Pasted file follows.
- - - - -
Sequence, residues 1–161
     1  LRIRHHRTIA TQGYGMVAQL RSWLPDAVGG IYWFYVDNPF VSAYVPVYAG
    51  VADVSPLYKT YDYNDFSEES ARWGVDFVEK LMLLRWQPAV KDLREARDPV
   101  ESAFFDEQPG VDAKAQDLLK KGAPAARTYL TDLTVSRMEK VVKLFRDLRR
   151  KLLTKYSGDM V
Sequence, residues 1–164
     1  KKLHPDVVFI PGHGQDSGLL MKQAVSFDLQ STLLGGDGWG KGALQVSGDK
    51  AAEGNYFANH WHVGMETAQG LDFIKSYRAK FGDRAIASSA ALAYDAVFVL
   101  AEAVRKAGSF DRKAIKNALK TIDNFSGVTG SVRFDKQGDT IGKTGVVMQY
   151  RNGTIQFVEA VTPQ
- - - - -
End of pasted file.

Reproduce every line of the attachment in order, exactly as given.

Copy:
Sequence, residues 1–161
     1  LRIRHHRTIA TQGYGMVAQL RSWLPDAVGG IYWFYVDNPF VSAYVPVYAG
    51  VADVSPLYKT YDYNDFSEES ARWGVDFVEK LMLLRWQPAV KDLREARDPV
   101  ESAFFDEQPG VDAKAQDLLK KGAPAARTYL TDLTVSRMEK VVKLFRDLRR
   151  KLLTKYSGDM V
Sequence, residues 1–164
     1  KKLHPDVVFI PGHGQDSGLL MKQAVSFDLQ STLLGGDGWG KGALQVSGDK
    51  AAEGNYFANH WHVGMETAQG LDFIKSYRAK FGDRAIASSA ALAYDAVFVL
   101  AEAVRKAGSF DRKAIKNALK TIDNFSGVTG SVRFDKQGDT IGKTGVVMQY
   151  RNGTIQFVEA VTPQ